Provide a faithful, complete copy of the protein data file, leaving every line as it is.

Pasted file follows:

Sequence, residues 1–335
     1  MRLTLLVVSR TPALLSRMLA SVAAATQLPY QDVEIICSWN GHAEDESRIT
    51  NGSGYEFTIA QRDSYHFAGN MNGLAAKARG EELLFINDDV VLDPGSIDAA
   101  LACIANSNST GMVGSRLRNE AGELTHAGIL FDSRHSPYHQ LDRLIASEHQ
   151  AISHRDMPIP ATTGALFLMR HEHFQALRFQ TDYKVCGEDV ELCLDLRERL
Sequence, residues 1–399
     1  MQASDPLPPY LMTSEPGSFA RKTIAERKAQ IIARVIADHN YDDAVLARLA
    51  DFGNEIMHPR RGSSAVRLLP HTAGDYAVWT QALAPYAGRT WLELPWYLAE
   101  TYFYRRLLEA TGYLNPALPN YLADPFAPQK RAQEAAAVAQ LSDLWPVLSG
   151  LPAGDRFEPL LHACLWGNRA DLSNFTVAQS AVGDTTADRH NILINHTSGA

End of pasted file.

Sequence, residues 1–335
     1  MRLTLLVVSR TPALLSRMLA SVAAATQLPY QDVEIICSWN GHAEDESRIT
    51  NGSGYEFTIA QRDSYHFAGN MNGLAAKARG EELLFINDDV VLDPGSIDAA
   101  LACIANSNST GMVGSRLRNE AGELTHAGIL FDSRHSPYHQ LDRLIASEHQ
   151  AISHRDMPIP ATTGALFLMR HEHFQALRFQ TDYKVCGEDV ELCLDLRERL
Sequence, residues 1–399
     1  MQASDPLPPY LMTSEPGSFA RKTIAERKAQ IIARVIADHN YDDAVLARLA
    51  DFGNEIMHPR RGSSAVRLLP HTAGDYAVWT QALAPYAGRT WLELPWYLAE
   101  TYFYRRLLEA TGYLNPALPN YLADPFAPQK RAQEAAAVAQ LSDLWPVLSG
   151  LPAGDRFEPL LHACLWGNRA DLSNFTVAQS AVGDTTADRH NILINHTSGA